Conversations that happen when you are overseas.
Friend: Are you going to retire here in Thailand?
Friend: What then?
Me: There is my mother's long term care and other things in the US.
Me: It depends. Basically the earliest I can figure is when I hit 55. That's the earliest when I can retire.
Friend: That's good.
Me: I also have to see how it all aligns. With my significant other from Vietnam, there is that option as well. But the hospitals are better here, and it is a known quantity.
Friend: So when. I've got some plans. You're a legit teacher, so it should be easy. I can set you up today if you like.
Me: Sooner than I think maybe. America isn't a place to raise kids necessarily. It's hard to raise kids without governmental interference. The schools are great if you have money. If not, not so great. There is also crime. The cops are unpredictable and trigger happy. My inherent pessimism backed by logic is concluding America isn't the place anymore.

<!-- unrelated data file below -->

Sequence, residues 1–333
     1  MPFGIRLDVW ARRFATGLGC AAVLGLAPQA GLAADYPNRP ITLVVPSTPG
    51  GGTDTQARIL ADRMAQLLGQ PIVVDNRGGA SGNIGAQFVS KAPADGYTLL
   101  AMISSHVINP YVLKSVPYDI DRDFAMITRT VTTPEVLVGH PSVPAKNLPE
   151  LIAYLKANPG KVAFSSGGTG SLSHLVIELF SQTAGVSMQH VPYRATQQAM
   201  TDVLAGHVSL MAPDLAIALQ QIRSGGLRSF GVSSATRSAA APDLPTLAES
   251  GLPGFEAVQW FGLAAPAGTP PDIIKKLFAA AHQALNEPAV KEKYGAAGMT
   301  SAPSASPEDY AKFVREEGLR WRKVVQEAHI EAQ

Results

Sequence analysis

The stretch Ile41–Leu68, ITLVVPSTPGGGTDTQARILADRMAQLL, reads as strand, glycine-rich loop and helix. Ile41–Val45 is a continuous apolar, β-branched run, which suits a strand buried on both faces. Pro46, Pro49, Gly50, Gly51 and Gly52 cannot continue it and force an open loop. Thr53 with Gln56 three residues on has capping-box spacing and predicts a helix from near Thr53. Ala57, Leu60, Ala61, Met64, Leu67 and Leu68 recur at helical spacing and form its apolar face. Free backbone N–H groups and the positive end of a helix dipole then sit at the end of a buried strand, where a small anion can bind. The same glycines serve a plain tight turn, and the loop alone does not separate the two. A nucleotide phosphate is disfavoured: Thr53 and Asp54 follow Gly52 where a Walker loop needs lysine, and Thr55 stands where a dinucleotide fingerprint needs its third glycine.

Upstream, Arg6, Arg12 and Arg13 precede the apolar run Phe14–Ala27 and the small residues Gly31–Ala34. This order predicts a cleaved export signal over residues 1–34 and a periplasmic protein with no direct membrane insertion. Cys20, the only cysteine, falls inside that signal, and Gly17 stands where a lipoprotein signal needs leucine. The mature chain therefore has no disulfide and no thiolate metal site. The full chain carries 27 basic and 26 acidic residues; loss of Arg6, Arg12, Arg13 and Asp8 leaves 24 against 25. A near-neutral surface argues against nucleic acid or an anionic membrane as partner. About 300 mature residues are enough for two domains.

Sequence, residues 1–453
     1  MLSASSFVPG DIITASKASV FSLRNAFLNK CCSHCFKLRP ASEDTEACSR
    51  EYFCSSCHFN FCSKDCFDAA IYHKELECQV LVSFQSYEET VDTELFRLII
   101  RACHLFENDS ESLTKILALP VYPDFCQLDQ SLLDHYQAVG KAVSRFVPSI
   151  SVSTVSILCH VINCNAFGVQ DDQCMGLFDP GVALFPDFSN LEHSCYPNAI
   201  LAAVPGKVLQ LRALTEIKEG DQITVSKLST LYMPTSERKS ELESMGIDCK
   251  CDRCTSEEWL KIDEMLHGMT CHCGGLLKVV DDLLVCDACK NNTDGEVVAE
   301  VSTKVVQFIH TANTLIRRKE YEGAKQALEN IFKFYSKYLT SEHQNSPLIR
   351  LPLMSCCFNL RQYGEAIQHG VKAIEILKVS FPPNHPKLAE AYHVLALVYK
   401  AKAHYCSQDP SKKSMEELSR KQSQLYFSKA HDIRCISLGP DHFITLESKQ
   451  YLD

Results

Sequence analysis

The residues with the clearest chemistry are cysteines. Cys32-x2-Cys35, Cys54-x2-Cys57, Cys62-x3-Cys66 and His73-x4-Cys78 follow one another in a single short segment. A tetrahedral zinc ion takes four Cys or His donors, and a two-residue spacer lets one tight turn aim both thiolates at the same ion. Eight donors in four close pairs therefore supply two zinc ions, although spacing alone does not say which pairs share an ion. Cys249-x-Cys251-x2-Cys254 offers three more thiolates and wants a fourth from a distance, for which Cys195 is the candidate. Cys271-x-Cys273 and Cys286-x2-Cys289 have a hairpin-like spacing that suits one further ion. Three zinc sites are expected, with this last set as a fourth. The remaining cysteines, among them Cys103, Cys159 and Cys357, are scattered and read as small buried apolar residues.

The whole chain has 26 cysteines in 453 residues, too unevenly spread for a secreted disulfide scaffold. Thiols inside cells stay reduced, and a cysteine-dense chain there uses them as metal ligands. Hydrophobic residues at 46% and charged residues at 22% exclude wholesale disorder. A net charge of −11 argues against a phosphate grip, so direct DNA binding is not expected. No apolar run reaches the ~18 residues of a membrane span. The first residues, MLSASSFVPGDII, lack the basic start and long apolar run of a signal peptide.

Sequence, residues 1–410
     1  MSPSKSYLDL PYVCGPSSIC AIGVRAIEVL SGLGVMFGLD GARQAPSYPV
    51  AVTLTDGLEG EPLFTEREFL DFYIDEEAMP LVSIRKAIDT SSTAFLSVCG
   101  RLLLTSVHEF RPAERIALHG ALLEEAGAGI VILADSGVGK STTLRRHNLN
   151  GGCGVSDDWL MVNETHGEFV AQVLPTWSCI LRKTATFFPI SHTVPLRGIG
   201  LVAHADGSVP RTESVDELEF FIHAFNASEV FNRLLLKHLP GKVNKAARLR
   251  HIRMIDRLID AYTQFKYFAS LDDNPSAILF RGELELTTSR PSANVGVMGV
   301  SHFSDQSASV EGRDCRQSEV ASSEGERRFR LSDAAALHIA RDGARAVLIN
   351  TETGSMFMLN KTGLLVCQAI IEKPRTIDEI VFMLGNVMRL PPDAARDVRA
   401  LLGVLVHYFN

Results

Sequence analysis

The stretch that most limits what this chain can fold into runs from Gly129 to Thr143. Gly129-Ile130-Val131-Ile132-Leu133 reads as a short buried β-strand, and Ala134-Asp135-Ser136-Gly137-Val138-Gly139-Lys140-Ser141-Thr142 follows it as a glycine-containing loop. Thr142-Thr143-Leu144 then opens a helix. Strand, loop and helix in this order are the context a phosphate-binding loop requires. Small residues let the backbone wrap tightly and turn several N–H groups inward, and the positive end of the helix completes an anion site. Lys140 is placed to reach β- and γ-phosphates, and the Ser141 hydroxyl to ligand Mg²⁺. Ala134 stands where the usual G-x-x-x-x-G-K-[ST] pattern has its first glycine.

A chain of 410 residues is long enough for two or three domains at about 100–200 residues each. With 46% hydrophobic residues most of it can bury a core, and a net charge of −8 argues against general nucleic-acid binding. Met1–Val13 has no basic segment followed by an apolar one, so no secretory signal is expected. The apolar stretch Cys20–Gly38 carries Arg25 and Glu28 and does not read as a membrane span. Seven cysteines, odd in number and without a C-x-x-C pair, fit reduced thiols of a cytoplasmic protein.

Friend: Did you say Kids?
Me: It's been in discussion.
Me: Yeah, thought it was a train that long passed the station. So, now I have to rethink everything. Without that factor, I might not have cared.
Friend: Well, kids?
Me: Yeah, she wants kids I think.
What about Children?
Kids generally in Thailand respect their elders. I get sometimes a wai from a kid walking down the street. Try that in America. Kids in Vietnam are often spoiled to the extent that they get out of control. The nouveau riche element in Vietnam is also breeding a generation that is over obsessed with consumerism.
This scene would be impossible in America. Fan Chan. My Girl. 2003. You can't let your child just go out to play in America. I see kids walking to and from school. In a sense, you can see this scene also happening in Vietnam, but not in Los Angeles anymore.